Professor presents on human rights attitudes

Dr. Sam McFarland discusses his extensive research during his talk entitled “Who Cares About Human Rights?” on March 21, 2017.

Monica Kast

A WKU professor emeritus gave a presentation on human rights as part of the College of Education and Behavioral Sciences Reach Event.

Sam McFarland, professor emeritus and human rights activist, gave a presentation titled “Who Cares about Human Rights?” The presentation was part of the Spring 2017 Reach Event, for which several College of Education and Behavioral Sciences professors gave poster presentations and symposiums of their research.

McFarland began his presentation with a brief overview of the history of human rights, which he said he views as the “most important untaught topic” at universities. McFarland’s recent research centered on the question “who cares about human rights?”

As part of his overview of human rights, McFarland distributed copies of the Universal Declaration of Human Rights, adopted by the United Nations in 1948. McFarland broke down various parts of the declaration and noted its importance to human rights.

“If you get nothing else out of this presentation today, that will be the most valuable thing that I can share,” McFarland said of the declaration.

McFarland also broke down various pieces of research that discuss “who cares” about human rights. According to a Gallup poll from Jan., 53 percent of Americans view “promoting and defending human rights in other countries” as “very important,” and 34 percent view it as “somewhat important.”

“In summary, these polls suggest strong support for human rights in the United States and around the world,” McFarland said. “But there are country variations.”

McFarland went on to present another poll, which outlined variations in different countries’ opinions about human rights. McFarland said the United States shows  strong support for protection of civil and political rights, but less support for economic and social rights.

According to information presented by McFarland, the United States polls above the global average in protecting rights such as freedom of speech, freedom of religion and the right to express opinion. However, the United States polls below the global average and countries like Russia and the United Kingdom, when it comes to protecting rights such as government assistance in food and healthcare.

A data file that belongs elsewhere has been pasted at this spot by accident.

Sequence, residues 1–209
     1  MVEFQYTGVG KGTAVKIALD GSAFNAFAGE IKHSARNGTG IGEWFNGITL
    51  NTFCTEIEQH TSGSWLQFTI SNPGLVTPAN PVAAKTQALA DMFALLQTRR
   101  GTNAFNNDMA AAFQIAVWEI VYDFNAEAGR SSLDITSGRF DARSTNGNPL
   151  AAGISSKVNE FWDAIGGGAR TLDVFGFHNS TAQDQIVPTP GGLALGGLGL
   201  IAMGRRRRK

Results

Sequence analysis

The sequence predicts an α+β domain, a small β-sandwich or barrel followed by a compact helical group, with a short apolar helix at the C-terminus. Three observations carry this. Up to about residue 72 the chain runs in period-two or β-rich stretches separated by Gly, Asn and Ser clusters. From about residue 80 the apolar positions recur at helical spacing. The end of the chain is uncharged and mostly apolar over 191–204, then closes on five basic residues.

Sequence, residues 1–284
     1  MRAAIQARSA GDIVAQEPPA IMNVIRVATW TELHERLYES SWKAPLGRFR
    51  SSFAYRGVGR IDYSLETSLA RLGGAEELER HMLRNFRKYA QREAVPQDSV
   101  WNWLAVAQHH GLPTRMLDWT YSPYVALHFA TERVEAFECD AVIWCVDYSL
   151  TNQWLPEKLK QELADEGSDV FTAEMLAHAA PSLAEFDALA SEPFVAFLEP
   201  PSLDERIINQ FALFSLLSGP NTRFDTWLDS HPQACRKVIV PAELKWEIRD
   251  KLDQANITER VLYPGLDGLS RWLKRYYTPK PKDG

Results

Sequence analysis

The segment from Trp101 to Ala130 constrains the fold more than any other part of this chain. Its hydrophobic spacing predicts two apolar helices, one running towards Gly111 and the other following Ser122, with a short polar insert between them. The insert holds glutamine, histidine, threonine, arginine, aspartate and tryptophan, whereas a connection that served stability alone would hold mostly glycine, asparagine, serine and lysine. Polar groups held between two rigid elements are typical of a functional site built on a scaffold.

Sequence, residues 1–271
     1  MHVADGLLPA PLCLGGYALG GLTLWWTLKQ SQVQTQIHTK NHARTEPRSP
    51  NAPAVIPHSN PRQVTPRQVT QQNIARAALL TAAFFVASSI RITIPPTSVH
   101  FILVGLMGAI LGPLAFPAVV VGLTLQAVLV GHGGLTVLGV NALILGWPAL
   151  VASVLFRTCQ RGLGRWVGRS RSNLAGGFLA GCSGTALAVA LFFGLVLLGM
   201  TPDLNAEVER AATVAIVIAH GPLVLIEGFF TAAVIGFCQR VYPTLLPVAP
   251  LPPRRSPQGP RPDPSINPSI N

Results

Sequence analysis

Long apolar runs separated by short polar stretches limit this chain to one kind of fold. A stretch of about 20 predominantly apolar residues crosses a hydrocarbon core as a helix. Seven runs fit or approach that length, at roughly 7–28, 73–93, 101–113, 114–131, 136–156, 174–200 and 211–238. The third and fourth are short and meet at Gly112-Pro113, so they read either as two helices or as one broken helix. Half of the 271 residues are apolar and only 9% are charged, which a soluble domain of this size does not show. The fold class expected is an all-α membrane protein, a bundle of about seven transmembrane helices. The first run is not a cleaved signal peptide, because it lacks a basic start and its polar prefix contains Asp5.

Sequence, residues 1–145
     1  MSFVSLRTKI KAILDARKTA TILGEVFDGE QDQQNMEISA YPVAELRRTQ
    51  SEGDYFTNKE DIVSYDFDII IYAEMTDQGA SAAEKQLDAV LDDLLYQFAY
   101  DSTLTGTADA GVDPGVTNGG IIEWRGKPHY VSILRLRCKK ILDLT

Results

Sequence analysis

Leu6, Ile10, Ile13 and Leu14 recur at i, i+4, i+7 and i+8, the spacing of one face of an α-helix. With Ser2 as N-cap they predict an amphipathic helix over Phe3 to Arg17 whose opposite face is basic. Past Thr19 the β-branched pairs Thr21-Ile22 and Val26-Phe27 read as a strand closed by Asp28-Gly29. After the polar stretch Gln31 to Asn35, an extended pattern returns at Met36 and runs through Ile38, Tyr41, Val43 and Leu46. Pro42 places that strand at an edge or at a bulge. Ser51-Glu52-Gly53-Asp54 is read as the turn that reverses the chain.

“We are less supportive than any other nation, really, that’s been studied on support for social and economic rights,” McFarland said.

As part of his presentation, McFarland also discussed various ways he has collected data on human rights and how people care for human rights. Using two different methods, the Human Rights Choices Questionnaire and the Human Rights Scenarios Scale, McFarland and those he’s researched with found several major reasons someone may or may not care about human rights.

High levels of ethnocentrism, a “general tendency to dislike all outgroups,” will cause someone to care less about human rights, according to McFarland and Melissa Matthews, a former graduate student at WKU. Alternatively, high levels of “identification with all humanity” will cause someone to care more about human rights.

McFarland ended his presentation by briefly discussing the Syrian War, which he said has displaced over 4.9 million Syrians. McFarland said accepting refugees is one of the “more divisive issues in American politics these days.”

“People are at extremes,” McFarland said. “They are either very much for or very much against this issue.” 

Reporter Monica Kast can be reached at 270-745-0655 or [email protected]